Wow. That was an amazing episode. For those of you who haven't figured this out about me by now, I focus more on the storylines and character development than anything else, more than any individual scene or any clever editing trick. With that being said, it's about time that we put the mysteries of the island on the back burner and spent large quantities of time with a central trio of characters (Sawyer, Juliet, and Horace). Now, I don't particularly enjoy Josh Holloway's acting (I've analogized him to Christian Bale's "Batman voice" in the past, and I'm standing behind that), and some of his deliveries were just too "I have a gruffly voice and therefore have authority" for my taste. But it was the actual execution of this episode -- switching between Three Years Earlier/Later -- that really made his transition into the sheriff (with a gruffly voice) interesting.
Daniel: The best shot of the episode has to go to Daniel watching Amy mourn the loss of her husband, Paul. She is crouched over his dead body in the grass, a visual mirroring Daniel's recent mourning of Charlotte. The reason this shot was so heartbreaking was, one, it only lasted a second or two, and two, Lost put Daniel in the background instead of closing in on a close-up of his sad eyes. (And boy, Jeremy Davies has some sad eyes.) For once, Lost wasn't hitting me over the head with its visual metaphors. It was an honest scene, and one well-played by Davies. As for Daniel seeing the little red headed Charlotte... it's 1974, but didn't Ben mention that her birthday was in the late 70s? That red-headed child is around four years old. So unless that child is jumping through time (which is actually possible, hmm), she is just a red herring.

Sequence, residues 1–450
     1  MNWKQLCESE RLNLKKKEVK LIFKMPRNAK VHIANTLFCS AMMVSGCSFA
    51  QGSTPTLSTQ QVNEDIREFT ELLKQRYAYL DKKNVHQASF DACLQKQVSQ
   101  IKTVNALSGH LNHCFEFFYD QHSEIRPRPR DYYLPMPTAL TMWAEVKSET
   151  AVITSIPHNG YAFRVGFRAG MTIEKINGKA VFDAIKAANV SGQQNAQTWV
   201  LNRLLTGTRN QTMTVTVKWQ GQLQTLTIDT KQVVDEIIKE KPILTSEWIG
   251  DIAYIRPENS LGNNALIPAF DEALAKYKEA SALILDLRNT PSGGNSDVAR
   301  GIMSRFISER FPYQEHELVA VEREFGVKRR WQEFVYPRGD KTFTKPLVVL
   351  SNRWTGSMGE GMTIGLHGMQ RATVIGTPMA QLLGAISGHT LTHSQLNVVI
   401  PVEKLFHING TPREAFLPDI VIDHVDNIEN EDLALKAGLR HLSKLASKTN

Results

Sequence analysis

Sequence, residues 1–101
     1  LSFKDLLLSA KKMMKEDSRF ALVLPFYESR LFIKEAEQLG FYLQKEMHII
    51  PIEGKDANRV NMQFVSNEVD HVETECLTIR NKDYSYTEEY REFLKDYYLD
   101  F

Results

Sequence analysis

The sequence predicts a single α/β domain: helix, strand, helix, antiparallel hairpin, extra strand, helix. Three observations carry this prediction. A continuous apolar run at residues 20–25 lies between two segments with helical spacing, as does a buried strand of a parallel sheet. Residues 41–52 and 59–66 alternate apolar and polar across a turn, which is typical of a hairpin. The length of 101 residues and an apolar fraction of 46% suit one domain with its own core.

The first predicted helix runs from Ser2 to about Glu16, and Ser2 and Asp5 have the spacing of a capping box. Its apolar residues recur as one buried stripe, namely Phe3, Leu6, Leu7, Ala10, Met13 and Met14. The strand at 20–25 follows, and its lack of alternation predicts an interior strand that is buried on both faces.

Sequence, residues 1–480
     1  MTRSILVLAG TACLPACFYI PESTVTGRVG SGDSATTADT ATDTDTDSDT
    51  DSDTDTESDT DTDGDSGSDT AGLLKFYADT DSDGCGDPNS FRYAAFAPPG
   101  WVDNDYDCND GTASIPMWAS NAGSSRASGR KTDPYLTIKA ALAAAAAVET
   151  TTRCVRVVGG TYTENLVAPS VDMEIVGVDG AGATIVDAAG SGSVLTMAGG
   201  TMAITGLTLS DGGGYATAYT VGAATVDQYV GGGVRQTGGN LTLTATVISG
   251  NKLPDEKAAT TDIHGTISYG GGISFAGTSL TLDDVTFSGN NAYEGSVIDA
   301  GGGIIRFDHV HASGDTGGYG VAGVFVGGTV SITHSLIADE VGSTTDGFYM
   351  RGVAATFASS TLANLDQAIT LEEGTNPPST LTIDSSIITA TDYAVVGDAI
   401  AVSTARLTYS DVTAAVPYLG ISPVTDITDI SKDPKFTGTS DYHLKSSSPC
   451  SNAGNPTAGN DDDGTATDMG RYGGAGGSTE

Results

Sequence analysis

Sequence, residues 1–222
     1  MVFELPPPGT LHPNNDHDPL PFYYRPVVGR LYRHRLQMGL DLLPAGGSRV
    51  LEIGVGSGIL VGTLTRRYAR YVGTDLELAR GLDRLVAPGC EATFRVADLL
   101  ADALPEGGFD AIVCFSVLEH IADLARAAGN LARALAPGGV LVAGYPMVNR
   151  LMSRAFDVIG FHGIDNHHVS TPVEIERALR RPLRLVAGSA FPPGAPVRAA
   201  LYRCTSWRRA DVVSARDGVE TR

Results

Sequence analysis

Sawyer/Richard "Eyeliner" Alpert: This exchange was particularly interesting because Sawyer lies to Horace and the others in the Dharma Initiative about how he and his people got to the island. (Of course, Sawyer's the boat captain...) He explains they were looking for the Black Rock -- which is where he killed Locke's father (a surrogate for the real Sawyer that James Ford wanted to kill) -- which is probably where Horace gets his dynamite for the alcohol-induced explosive Three Years Later opening. This lie aside, I find it very telling that Sawyer uses the truth with Richard. He explains that it was the Hostiles (as the Others were known to the Dharma Initiative) who broke the truce by killing Paul and putting a bag over Amy's head. (Technically, Sawyer says that the truce hasn't been broken because he's not part of the Dharma Initiative, but I think the implication is that the Hostiles originally broke it.) He mentions John Locke by name, and poof, Richard has built a foundation of trust with Sawyer. But the reason why this scene makes me so sublimely happy is... finally -- FINALLY -- we have characters who TALK to one another and ask questions. No more of Juliet evading questions. (It still really annoys me that Ethan shot Locke in the leg, and Locke didn't have the chance to explain that to anyone.) No more of Jack neglecting to ask questions in the first place. (His initial meeting with Mr. Friendly, back before we knew his name was Tom, brings back anger.) Richard actually asks, "If you're not Dharma, then who are you?" Although Sawyer doesn't mention that he's a time-traveler from the future (it would be pointless to argue that truth at this point), he does give Richard a fair understanding of why he's on the island. He pretty much said, "Your messiah? Yeah, I'm waiting for him too," and that was all that needed to be said.